Hearthstone Masters Korea: Group A

Jan 6, 2016

This tournament is hosted by the South Korea cable television channel OGN, who specialize in eSports broadcasts. The tournament features exclusively Korean players, and boasts a prize pool of 42 million Won (approximately $36, 000 USD). The players are all strong Korean players, many of whom have competed in world championship tournaments in the past, although there are some newcomers to spice up the field. The format is Conquest, where each player brings five decks, then at the beginning of the round each player bans one of their opponent’s decks, then picks three of their four remaining decks to compete in the best of five. The round of sixteen has concluded and we are now in the group stages. Group A has now concluded and here are the results:


Seogui came first with a match score of 2-0. He advanced from the round of sixteen going 3-1 against aldor. Seogui is a fairly new player in the scene, and he plays for the new team, Team-Aggressive. The decks he brought were Midrange Paladin, Tempo Mage, and Reno Warlock. He also brought Warrior and Druid, but they were never seen. Both of his opponents banned Warrior against him, and he chose not to play Druid in either of his matches. In the first match here he played against Palmblad, a crowd favorite. They had a very close match, putting the score to 2-2. In the final game, seogui was far behind, but got an incredibly lucky Doomsayer out of his Piloted Shredder, allowing him to reclaim the board and go on to victory, winning the match 3-2. His next match was against Irony, which he took with a decisive 3-0 victory. Despite being relatively unknown, seogui has made it clear he is one to be watched.

Irony came second with a match score of 2-1. He advanced from the round of sixteen going 3-2 against Hellper. He plays for team Critical. The decks he brought were Secret Paladin, Oil Rogue, Zoo Warlock, Reno Freeze Mage, and a Warrior deck that was not seen. The decks he banned were Shaman, Warrior, and Shaman, and the match where he did not ban Shaman his opponent did not bring the class. His own decks that he chose not to play were Warrior, Mage, and Warrior. In the match he did not bring Mage, his opponent had Reno Warlock, which is an incredibly bad matchup for Freeze Mage. All three of his matches were over in three games as he went 3-0 against LoveLive, 0-3 against seogui, and 3-0 against LoveLive once again. Irony managed to get to the finals off the back of simply defeating the same player six times, a circumstance very rarely seen.

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LoveLive came third with a match score of 1-2. He advanced from the round of sixteen going 3-1 against Ghost, a popular Korean player. He is an anime fan, as his name comes from a popular Japanese show, which the fans were quite fond of. He plays for the new team Lava Shock. The decks he brought were Aggro Shaman, Tempo Mage, Reno Warlock, Midrange Druid, and Secret Paladin. His bans were very different each match, banning Paladin, Warrior, and Mage. His own decks he did not use were Mage, Druid, and Druid, after a very poor showing of Druid in his first match. His first match was against Irony, which he lost 0-3. He proceeded to go against Palmblad, the crowd favourite, and beat him 3-1, putting him back in the tournament. However, he was forced to face Irony once again, and once again he lost 0-3, putting him out of the tournament.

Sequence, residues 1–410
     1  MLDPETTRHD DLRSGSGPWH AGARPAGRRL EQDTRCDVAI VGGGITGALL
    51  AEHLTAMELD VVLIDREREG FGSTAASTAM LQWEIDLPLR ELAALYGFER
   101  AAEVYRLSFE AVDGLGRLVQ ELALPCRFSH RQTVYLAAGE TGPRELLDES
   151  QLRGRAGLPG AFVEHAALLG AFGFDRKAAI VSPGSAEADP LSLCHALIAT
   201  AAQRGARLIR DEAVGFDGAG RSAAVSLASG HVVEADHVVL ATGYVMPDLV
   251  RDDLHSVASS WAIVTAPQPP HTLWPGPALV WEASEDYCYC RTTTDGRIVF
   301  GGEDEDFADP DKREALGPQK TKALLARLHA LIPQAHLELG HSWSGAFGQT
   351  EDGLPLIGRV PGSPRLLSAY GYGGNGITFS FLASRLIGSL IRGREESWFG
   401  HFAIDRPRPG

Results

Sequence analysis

Palmblad came fourth with a match score of 0-2. He advanced from the round of sixteen going 3-0 against NineB. He is a very popular Korean player and was a large crowd favourite and the expected to win here, making it such a shock that he did so poorly. He plays for team All-Killers, one of the top and best established Korean teams. The decks he brought were Aggro Shaman, Patron Warrior, Face Hunter, Secret Paladin, and a Mage deck that was not seen. His bans were Warrior and Warlock, and he chose not to use Shaman the first match and Mage the second. In his first match against seogui, he lost to an incredibly unlucky Doomsayer in the final game, losing 2-3, and in his second match against Irony, he simply couldn’t find any of the cards he needed. In the last game he played, playing an aggressive deck he only managed to play a single minion before conceding on turn six, his curve leaving him a clear exit strategy for the tournament, losing him the match 1-3 and eliminating him.

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Stephen Draper
Stephen has a degree in English from Brock University. He grew up playing video games and card games, always having an affection for strategy. He picked up League of Legends in early Season One and has since achieved Diamond rank multiple times. He also picked up Hearthstone in Beta and has since achieved Legend consistently. When he isn’t reading, writing, or gaming, he’s probably watching other people game.
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